E-Publishing Basics: How Long Does an Ebook Have to Be to Make Money?


I run a blog on ebooks, with an emphasis on writing and e-publishing fiction for the Kindle, iPad, Nook, etc., and one of the questions that often comes up is this:

How long does an eBook have to be?

If it’s fiction, does it have to be novel (and, if so, how long should a novel be anyway?) If it’s non-fiction, does it have to be a whole book or can it be a report or shorter work?

The short answer is… there aren’t any rules when it comes to length. It’s not like a school report where there’s a required page count for your essay or story. You just have to meet your readers’ expectations by giving them a good deal for the money.

Length Considerations for Non-fiction Ebooks

I interviewed Kate Harper over on my blog, and she makes money publishing articles or “booklets” to the Kindle Store. Now, these are more than the 500-word articles you may see on a blog post or article syndication site. Many of her pieces are in the 8,000-10,000 word range, but they’re much shorter than a non-fiction book, which might ring in at 75,000 words or more. She cuts out the fluff and just gives readers what they want to know, and she charges $0.99 to $2.99.

At Amazon, for ebooks priced at $2.99-$9.99, independent authors take home 70% of the royalties, meaning about $2 per sale. (Royalties are similar at Barnes & Noble and other major book retailers.) While that’s probably not going to make anyone rich, she pointed out that she’s done very little for promotion and has sold quite a few ebooks! That’s because Amazon is such a huge marketplace, and the number of Kindle owners keeps growing. They’re hungry for fiction and non-fiction they can download at a good price.

Length Considerations for Fiction Ebooks

When it comes to fiction, there aren’t any rules for length either. Novels used to have to fall into a certain word count due to the economics of printing books, and shorter works (i.e. short stories and novellas) just weren’t published unless they were bundled together into book-like lengths.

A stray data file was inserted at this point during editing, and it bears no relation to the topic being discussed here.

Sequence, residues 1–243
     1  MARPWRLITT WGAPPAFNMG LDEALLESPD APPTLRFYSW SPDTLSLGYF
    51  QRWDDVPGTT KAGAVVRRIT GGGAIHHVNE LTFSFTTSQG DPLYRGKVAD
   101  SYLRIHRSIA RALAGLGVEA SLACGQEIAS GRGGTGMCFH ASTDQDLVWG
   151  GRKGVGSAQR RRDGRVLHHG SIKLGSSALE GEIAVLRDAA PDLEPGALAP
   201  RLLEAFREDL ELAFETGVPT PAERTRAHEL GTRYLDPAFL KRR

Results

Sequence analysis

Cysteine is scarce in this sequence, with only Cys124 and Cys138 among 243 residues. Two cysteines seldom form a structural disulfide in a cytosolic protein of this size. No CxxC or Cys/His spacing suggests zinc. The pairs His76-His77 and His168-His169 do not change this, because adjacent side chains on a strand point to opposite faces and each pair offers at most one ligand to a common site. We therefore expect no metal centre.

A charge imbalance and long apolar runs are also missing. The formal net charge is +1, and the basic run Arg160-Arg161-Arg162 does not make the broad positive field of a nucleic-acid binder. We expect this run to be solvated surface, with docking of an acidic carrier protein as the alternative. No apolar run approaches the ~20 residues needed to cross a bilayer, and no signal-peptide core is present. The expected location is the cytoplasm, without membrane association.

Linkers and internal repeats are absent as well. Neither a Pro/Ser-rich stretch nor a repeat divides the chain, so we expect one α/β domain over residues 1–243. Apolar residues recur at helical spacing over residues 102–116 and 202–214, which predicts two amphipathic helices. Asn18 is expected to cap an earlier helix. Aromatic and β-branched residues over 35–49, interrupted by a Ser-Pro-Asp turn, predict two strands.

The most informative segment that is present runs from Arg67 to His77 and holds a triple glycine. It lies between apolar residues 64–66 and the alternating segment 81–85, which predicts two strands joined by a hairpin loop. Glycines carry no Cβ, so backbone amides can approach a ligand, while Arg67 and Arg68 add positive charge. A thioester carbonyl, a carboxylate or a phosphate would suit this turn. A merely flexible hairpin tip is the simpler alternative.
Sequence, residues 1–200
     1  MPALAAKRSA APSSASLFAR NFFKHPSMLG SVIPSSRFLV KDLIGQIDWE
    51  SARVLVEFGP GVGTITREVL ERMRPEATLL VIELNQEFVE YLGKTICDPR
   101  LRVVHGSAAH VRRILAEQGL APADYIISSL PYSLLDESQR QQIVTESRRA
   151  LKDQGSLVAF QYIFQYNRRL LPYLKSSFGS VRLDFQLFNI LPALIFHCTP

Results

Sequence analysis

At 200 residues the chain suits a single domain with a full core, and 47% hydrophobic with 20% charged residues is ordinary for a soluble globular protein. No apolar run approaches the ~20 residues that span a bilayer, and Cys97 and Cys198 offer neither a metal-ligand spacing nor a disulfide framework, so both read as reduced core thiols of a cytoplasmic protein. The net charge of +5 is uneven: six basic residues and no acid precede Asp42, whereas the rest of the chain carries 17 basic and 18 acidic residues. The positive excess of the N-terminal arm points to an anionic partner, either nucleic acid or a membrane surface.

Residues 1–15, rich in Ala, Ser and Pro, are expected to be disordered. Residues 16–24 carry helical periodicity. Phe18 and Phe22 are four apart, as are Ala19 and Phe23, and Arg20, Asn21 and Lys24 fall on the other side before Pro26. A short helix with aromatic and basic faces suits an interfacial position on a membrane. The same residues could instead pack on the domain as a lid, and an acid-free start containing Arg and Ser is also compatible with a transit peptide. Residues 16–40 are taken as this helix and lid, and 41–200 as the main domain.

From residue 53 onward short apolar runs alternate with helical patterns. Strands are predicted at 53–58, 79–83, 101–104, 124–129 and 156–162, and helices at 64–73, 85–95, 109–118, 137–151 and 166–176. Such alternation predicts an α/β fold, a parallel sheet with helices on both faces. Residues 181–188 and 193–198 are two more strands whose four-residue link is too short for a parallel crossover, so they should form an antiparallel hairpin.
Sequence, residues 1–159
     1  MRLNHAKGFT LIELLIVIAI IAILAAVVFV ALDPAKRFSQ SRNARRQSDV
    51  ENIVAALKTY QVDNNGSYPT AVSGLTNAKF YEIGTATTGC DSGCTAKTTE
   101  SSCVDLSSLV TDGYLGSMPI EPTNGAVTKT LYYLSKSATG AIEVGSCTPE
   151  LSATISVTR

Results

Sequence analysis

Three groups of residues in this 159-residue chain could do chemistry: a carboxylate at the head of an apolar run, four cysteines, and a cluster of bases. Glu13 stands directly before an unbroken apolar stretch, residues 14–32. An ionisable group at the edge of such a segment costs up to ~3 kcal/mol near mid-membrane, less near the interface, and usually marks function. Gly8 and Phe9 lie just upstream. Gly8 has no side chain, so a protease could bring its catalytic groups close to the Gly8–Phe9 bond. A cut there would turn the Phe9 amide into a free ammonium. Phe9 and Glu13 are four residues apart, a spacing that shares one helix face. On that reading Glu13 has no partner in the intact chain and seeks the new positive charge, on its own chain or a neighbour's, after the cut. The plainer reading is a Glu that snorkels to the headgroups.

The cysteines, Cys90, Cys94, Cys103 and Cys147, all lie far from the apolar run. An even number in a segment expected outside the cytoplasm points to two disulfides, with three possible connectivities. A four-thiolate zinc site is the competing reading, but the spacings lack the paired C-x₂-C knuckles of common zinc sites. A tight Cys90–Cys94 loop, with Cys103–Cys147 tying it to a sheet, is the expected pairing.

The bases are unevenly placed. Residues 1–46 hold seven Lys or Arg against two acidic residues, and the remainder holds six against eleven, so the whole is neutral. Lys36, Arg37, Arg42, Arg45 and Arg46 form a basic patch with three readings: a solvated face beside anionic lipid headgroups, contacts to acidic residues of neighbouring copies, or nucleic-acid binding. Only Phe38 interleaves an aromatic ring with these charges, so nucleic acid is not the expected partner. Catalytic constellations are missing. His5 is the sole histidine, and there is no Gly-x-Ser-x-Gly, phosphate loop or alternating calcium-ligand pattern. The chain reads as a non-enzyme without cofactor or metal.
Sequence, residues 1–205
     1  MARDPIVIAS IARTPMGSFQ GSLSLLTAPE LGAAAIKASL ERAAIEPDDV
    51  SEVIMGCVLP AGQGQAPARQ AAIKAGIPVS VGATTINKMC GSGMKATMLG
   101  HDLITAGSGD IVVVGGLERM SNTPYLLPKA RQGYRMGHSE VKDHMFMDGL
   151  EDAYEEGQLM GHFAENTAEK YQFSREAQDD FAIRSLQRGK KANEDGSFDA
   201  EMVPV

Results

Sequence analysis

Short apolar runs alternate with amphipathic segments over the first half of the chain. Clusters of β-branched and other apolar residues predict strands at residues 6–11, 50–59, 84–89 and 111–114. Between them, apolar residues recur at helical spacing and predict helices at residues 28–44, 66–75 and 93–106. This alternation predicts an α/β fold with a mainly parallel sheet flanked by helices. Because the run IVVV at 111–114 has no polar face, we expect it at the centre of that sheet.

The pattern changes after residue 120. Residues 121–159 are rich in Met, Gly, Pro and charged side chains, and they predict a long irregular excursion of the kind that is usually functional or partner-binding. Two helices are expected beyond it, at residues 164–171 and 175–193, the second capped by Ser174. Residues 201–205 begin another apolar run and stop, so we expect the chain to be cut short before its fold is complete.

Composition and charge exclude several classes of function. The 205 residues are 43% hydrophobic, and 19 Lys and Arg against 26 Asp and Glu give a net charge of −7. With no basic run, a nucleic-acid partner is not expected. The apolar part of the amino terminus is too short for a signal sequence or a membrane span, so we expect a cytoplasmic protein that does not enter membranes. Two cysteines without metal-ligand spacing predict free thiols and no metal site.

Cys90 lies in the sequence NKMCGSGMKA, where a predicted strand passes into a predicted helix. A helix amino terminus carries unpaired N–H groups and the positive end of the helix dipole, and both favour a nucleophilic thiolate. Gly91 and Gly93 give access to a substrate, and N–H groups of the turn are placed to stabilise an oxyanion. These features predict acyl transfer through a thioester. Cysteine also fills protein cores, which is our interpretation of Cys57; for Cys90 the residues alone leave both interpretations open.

With ebooks, it doesn’t cost any more to create a 150,000-word epic fantasy novel than it does to put together a 7,000-word short horror story. Of course, it takes longer to write and edit a longer work, but the distribution and production costs are the same. You just have to make sure you have a complete and professional eBook readers will enjoy.

If your story is on the short side, you should make sure to include the word count in the product description or “book blurb” so readers won’t feel disgruntled because they were expecting a novel and got a short story (this is true for non-fiction as well). Disgruntled readers leave poor reviews. Even if you’re only selling your eBook for $0.99, people will want to feel they’ve gotten exactly what they were expecting. If anything, it’s good to over-deliver on what you promise.

If you feel your story is too short to sell (i.e. under 5,000 words) for $0.99, which is the minimum price you can list your ebooks for with Amazon, B&N, etc., then you may consider bundling several stories to create a collection. Though anthologies aren’t the most popular thing out there, this can work well if your short stories all feature the same characters or are part of a similar theme.

I have a three-story collection of fantasy stories (the eBook is about 17,000 words total) that I sell for $0.99, and it does fairly well considering how little I do to promote it. The stories are about the same characters as are in my (higher priced) novel. At $0.99, the short-story eBook offers a cheaper option for folks who aren’t certain they want to buy the novel yet, though I suspect I sell more copies to readers who got the novel and wanted more adventures with the main characters. Either way, it works for me, because I’d originally written the stories before thinking of e-publishing, and they were just sitting around on my hard drive, collecting virtual dust. If you have some stories like that, then e-publishing them may be the ideal route.

Whether you’re writing fiction or non-fiction, there are no rules for length when it comes to ebooks. Please your audience, make a little extra money, and enjoy being an independent author!


Source by L.a. Buroker